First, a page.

"The Escape/Run Away" (FRINGE #3)

To those who have not read the Fringe comic series but would like to read it, please, don't read any further, as this does contain spoilers. The third comic in the first Fringe comic book series opens with "The Escape" and finishes its second half with "Run Away," and both stories, especially the "stand-alone" story, "Run Away," are really good, and overall, the comic is probably my favorite of the original six. The first part (titled "Excellent Soap") of the second comic ends with a startling cliffhanger, which is that the soap company, for one reason or another, is holding onto heads inside of jars, and the heads, shockingly enough, are still alive. Rachel Matheson catches Walter and Bell and says that she wishes that the two of them hadn't found that room, leading us to believe that she has malicious intentions. However, this comic twists the plot yet again, revealing that she wishes that they didn't find that room so that she could have showed it to them herself. She gives them reason to believe that she can be trusted, but even though Walter is all for trusting her, Bell is reluctant, once again taking precaution before he makes decisions, which I think is smart; Walter is definitely a lot more impulsive than Bell. He's also his typical self in this comic. When a synaptic transference is developed between Walter and Rachel (one that is very similar, if not the same, to the one set up between Olivia and John Scott in the pilot episode), Walter says that he enjoys being restrained by the clamps. Like I said, that is very typical of Walter, as it reminds me of the worm latching onto him in "Snakehead" (2.09) to which his response is that it is "rather pleasant."

The first half of the comic is basically about Rachel proving to Bell that she is trust-worthy, and when she more or less does, she tries to help them escape from the "soap company," since she knows that it has ill intentions. In the end, Bell is proven wrong while Walter is proven right, since Rachel does indeed prove herself. Right before they are teleported, she dies trying to protect them, and ultimately, she does just that. Then, the scene changes to the President of the United States being notified that Walter and Bell have escaped. The President, however, doesn't seem bothered by this at all. One of them has been implanted with something, and the President therefore says to "activate him." This twists the plot once again, because it leaves us wondering if Rachel implanted one of them. If so, then it is most likely Walter that was implanted. Is there some sort of government conspiracy, and if so, does it still exist? Who is the President? We know that the line of presidents in the Fringeverse hasn't been too wildly different, because even though Andrew Jackson was never President on the Other Side, Obama currently is on both sides, so I don't think that presidency has been any different. If the President in the comic is who it really was at that time period, then it's Ford, and I suppose that the man in the comic does kind of look like him.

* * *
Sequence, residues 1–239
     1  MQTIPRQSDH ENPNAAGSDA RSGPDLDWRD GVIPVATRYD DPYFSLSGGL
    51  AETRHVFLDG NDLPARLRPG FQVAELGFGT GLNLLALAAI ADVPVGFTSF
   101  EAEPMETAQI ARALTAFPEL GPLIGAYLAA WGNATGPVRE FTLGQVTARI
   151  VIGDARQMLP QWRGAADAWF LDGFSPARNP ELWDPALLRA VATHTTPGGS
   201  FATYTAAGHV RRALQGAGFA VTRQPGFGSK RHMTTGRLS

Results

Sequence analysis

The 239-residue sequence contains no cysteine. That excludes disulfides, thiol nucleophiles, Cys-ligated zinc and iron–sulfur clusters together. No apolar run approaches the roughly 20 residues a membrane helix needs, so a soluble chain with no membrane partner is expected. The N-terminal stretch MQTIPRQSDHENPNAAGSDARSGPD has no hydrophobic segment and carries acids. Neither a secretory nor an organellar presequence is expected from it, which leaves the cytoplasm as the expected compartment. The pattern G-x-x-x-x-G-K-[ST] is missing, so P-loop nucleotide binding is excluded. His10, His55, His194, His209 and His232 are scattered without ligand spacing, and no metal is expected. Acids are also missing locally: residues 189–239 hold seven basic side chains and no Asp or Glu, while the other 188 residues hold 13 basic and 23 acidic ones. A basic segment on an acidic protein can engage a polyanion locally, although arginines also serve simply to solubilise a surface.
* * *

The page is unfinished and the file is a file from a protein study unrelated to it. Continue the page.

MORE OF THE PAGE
The second half of the comic is called "Run Away" and is probably my favorite story out of the comic book series. It follows a young boy, whose name we never learn, who was born with a strange and destructive ability; anyone that comes into contact with him dies a very gruesome death. The people who show up at the hospital to take him look very much like Observers, but I'm not sure if they are or not. It is very possible, because in "Brown Betty" (2.19), the possibility that the Observers work for Nina is presented, and obviously, this story ends with the revelation that the boy was held at Massive Dynamic. In fact, when we meet his tutor and he describes her as having had red hair, I once again wondered whether or not she were Nina Sharp, but considering the fact that the comic shows us that she was brutally murdered, that is impossible. I love how this boy is very witty and sarcastic in the note that he leaves for them; for example, he says, "At least you let me have some toys. I was so lucky. Most kids don't get a big cool observation window in their playroom." I'm not sure why the boy points out all of their "mistakes," actions that they took that they didn't realize were actually helping him escape, because now, if there's ever another child like him, it won't be as easy for that child to escape, something that he obviously didn't think about.

The boy lists four mistakes that they made. The first is that they gave him a tutor, who was very kind to him. The second is that they allowed him to watch TV, which showed him just how big the world is. The third is that they gave him a cat, because his feelings for the cat made him want to live. The fourth and final mistake is that they kept him for too long, which allowed him to learn who was watching him and when and how to get out of the building. This is when we learn that it was Massive Dynamic that was holding him. The story asks a big question, though, which is what is up with the boy, exactly, and what made him the way that he is. He says that cats are immune to snake bites and seems to use that as reasoning as to why he didn't kill the cat, so what does his ability have to do with snake bites? Is he somehow venomous? Did someone mix his DNA with that of a poisonous snake, making his skin toxic? It kind of reminds me of "The Cure" (1.06), in which the young women are made radioactive like microwaves and therefore make people explode, a real bloodbath. I really like this comic, and it is probably my favorite out of the series. Overall, I have to give it nine toxic killer babies.

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